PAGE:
It’s very hard for me to say I’m sorry… but I do.
I stared at them for about 3 minutes, frozen still. Wondering how I will spill out the 3 most dreaded words, “I am sorry”. My lips got stock, like glue on a paper; and in that mili-second I was expected to voice out the long awaited apology. All eyes moved focus from every thing else to me, like I was about to utter the words of saving grace upon a dying soul. I wasn’t exactly with them in the moment, my mind had gone on a voyage in a bit to find a just reason to apologize. My search was fatal, I finally settled on the sad reality that there was no reason to say those words; however, I had to budge, whether I felt that way or not.
I needed about a day or two to come back to myself after I said sorry. A serious pain hit my chest and something precious taken away without my consent. I guess that’s how one is supposed to feel when they are asked to apologize for doing absolutely nothing wrong.
A lot of people believe apologies take away nothing from you. Guilty, I though so too. Until I was put on the spot, asked to apologize for something I didn’t believe was wrong. After that day, my belief changed and I knew without a doubt that apologies, especially those given for no just cause, take away something delicate. It breaks your self esteem, and leaves you thinking you values have been tossed out the window. There is this feeling of worthlessness that creeps in and for a moment, you feel as though your life was in the hands of people who consciously squeeze you dry without wariness.
I was the “sacrificial lamb” to ensure that the others had a happy life, or at-least so it seemed. It hurt, but at the end of the day, someone had to make the hard call and the vote fell on me. If the opportunity comes knocking on your door anytime soon, my advice is simple; think beyond yourself and make the right choice for you. Why is it so important to say “I am sorry” you may ask, why can’t the other person just swallow what happened, or ignore it and move on without hard feelings?
Well, an ideal world might be one in which people don’t hold grudges and if they do, it disappears instantly. But sadly, we live in a world far from perfection. In it, people like you and I have angry egos demanding something to be appeased; which might range from apologies to favors etc. depending on those involved. In the game of egos and rights/wrongs, the first to apologize is viewed as the weaker party, reason why most people insist on it.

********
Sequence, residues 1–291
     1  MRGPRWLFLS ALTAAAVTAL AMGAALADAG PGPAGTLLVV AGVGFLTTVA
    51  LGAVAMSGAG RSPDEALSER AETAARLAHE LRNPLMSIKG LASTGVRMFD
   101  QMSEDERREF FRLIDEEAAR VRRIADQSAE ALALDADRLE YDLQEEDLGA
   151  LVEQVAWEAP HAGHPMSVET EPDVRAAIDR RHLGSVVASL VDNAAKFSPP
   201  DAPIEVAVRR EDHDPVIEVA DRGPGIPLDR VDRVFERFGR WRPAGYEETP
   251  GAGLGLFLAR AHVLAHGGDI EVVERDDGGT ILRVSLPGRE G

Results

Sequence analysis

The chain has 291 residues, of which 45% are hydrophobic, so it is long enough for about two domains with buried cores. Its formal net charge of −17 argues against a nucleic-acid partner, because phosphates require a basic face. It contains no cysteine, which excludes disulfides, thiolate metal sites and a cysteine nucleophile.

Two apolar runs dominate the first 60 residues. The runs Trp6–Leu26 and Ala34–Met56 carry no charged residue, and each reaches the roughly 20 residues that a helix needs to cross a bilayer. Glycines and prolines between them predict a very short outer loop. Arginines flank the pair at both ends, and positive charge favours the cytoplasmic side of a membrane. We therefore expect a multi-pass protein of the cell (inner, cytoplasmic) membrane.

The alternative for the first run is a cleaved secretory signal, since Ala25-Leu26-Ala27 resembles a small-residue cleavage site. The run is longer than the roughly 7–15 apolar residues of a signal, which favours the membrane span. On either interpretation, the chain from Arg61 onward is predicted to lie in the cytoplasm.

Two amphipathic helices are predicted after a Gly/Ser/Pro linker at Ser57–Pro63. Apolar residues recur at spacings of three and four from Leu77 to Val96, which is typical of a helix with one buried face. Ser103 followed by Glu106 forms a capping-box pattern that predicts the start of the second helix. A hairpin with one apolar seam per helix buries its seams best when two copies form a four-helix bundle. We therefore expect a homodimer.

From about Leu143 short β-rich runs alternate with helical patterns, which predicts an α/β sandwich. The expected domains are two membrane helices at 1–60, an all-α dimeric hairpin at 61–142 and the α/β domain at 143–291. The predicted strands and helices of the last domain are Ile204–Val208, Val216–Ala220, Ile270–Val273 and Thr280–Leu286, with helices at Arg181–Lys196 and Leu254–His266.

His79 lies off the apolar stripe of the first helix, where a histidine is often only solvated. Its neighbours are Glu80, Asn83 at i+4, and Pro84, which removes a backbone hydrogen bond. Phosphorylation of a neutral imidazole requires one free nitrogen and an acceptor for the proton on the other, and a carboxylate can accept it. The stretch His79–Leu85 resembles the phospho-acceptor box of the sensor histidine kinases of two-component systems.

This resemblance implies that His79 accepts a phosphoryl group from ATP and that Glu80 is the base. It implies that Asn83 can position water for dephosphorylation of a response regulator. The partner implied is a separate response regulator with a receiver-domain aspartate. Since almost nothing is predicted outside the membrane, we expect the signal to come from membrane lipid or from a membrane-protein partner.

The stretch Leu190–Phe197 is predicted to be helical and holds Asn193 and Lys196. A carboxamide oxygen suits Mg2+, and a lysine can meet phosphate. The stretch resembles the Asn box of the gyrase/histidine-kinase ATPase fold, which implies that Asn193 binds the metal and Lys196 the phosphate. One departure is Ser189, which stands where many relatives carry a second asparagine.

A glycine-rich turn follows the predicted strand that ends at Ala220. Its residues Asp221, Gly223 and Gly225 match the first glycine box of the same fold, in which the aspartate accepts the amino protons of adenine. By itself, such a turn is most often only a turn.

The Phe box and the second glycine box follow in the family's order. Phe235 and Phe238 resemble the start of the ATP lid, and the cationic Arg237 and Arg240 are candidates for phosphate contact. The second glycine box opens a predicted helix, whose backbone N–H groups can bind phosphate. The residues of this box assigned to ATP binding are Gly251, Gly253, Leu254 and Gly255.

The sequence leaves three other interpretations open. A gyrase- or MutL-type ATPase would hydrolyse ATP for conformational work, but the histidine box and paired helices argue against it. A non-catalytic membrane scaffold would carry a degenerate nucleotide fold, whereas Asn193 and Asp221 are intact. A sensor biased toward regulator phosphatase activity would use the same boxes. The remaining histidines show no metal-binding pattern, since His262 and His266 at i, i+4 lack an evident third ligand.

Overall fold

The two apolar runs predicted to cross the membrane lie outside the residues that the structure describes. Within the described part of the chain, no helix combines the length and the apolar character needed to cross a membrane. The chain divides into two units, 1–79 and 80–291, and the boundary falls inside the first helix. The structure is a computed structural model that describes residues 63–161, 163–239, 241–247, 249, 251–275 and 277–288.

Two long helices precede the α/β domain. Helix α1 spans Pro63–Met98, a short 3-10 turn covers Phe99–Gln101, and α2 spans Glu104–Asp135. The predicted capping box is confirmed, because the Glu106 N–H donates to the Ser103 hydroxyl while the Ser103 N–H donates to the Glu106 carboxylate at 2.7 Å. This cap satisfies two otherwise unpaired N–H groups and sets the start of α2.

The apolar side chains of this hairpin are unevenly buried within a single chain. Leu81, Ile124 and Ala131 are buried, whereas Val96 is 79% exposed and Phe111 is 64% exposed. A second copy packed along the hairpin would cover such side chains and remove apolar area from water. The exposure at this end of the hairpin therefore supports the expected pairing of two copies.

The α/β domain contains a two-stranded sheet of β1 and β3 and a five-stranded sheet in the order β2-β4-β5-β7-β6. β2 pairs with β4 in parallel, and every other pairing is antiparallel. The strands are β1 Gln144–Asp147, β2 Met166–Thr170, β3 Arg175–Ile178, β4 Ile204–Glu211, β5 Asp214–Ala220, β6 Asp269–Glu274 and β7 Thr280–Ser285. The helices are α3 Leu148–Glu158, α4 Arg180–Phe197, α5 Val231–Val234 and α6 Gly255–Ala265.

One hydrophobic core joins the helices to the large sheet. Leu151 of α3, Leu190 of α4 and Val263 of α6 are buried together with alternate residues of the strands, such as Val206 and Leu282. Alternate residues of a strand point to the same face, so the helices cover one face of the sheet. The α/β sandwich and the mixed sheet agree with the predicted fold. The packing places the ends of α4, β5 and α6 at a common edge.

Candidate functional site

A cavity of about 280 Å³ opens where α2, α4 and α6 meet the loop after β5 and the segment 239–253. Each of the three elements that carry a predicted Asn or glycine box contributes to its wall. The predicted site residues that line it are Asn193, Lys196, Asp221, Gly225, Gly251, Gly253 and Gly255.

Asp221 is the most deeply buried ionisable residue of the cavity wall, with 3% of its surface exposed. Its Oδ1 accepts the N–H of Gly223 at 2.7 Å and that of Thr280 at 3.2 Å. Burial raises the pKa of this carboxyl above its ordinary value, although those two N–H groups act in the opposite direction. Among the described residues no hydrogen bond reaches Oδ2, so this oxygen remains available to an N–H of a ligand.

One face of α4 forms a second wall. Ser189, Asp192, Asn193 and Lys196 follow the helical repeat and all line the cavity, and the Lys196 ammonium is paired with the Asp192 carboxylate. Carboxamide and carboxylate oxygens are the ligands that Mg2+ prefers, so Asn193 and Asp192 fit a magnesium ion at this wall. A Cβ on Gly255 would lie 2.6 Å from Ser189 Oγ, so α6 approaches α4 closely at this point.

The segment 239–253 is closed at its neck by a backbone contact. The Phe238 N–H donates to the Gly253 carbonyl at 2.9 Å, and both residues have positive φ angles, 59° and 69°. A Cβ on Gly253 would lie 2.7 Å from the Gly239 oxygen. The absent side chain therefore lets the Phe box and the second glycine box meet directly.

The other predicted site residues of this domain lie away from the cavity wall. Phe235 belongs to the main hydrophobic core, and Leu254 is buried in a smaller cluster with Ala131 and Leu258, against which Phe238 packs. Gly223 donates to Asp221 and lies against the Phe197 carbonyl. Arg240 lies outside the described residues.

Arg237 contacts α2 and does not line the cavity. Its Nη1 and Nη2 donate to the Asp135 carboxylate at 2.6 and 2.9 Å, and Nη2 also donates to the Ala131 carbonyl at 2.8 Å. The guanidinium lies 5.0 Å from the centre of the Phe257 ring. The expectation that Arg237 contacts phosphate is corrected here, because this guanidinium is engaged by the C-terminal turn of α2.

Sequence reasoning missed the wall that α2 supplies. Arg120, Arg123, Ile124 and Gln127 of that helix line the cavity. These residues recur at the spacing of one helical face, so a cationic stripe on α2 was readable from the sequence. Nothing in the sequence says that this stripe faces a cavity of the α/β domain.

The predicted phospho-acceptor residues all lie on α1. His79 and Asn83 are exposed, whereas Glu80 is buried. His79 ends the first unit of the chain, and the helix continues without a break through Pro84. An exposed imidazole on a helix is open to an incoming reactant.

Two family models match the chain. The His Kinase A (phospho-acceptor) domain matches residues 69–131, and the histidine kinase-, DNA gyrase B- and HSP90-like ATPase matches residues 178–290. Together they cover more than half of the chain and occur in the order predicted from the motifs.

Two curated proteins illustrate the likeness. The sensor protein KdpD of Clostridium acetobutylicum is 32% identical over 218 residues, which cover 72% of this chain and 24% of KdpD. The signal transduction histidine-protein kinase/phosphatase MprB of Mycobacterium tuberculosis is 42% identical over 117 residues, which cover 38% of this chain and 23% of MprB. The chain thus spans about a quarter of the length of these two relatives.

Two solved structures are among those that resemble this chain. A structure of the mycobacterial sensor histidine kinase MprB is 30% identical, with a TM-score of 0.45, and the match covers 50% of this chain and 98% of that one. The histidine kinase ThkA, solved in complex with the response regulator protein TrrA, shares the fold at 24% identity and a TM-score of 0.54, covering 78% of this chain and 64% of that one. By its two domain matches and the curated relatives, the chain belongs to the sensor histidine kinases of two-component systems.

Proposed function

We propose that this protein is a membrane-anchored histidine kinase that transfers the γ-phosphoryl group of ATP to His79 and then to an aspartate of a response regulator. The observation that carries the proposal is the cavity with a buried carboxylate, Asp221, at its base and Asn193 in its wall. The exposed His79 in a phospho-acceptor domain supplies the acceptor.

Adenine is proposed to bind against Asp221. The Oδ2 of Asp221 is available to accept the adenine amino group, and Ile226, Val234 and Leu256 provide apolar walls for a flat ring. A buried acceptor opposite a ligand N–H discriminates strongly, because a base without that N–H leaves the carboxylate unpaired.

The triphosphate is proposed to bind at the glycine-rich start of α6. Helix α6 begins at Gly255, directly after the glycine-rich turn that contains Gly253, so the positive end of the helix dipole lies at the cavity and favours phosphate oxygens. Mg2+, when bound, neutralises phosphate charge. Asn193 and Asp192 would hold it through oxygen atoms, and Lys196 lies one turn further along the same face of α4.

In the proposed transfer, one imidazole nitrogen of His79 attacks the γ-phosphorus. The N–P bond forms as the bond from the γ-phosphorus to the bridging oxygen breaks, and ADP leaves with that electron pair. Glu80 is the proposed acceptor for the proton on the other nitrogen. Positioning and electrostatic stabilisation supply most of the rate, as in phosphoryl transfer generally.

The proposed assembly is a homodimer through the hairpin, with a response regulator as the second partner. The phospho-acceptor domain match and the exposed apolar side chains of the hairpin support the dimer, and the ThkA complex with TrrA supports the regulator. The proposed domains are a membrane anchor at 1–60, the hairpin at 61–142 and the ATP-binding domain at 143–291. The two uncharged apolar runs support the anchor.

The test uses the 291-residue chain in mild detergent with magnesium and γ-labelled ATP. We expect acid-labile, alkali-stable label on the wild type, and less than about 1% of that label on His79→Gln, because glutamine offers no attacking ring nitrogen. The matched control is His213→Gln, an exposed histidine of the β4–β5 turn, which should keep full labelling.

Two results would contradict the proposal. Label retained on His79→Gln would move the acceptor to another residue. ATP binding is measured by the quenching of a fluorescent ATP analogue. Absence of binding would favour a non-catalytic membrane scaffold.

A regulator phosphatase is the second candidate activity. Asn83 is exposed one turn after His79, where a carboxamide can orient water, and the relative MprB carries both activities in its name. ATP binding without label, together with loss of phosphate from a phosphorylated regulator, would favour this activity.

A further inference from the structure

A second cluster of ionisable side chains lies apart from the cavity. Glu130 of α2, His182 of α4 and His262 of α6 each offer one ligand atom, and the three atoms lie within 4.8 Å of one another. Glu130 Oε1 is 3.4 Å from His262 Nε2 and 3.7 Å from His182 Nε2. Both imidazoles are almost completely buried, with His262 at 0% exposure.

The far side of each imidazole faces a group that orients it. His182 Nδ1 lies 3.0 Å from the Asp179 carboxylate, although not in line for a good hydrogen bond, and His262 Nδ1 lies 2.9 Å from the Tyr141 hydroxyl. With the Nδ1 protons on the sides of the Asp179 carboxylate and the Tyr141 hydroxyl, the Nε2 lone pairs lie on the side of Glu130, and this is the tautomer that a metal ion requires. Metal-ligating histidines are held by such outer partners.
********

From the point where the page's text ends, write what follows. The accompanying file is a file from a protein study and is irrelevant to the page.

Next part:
On the contrary, those who apologize are the stronger ones, as it takes a lot of self sacrificing, maturity and strength to step down and say “I am sorry”. Particularly in instances where they did no wrong. If you are in such a situation,a deep feeling of hurt may sneak in, that’s quite normal as your ego battles the seemingly degrading decision you just made. This entire process may be hard but it builds your personality, exposes you to a new dimension of emotions and character you haven’t experienced before. Most importantly, it attracts the respect of others within and out of your circle.
If “sorry” is draining, what can one do when faced with a situation and expected to apologize for something they are not guilty of. Well, the answer is not as easy as the question. Apologies are hard when you are wrong, talk-less of when you wear the “not guilty” hat. I can’t tell you what is right,but remember, when put on the spot to apologize, look at the bigger picture; consider others who may be affected negatively by your resistance. Weigh your odds and with all assertion, take your stand.
Start today, think, and when you are certain, Just say SORRY.
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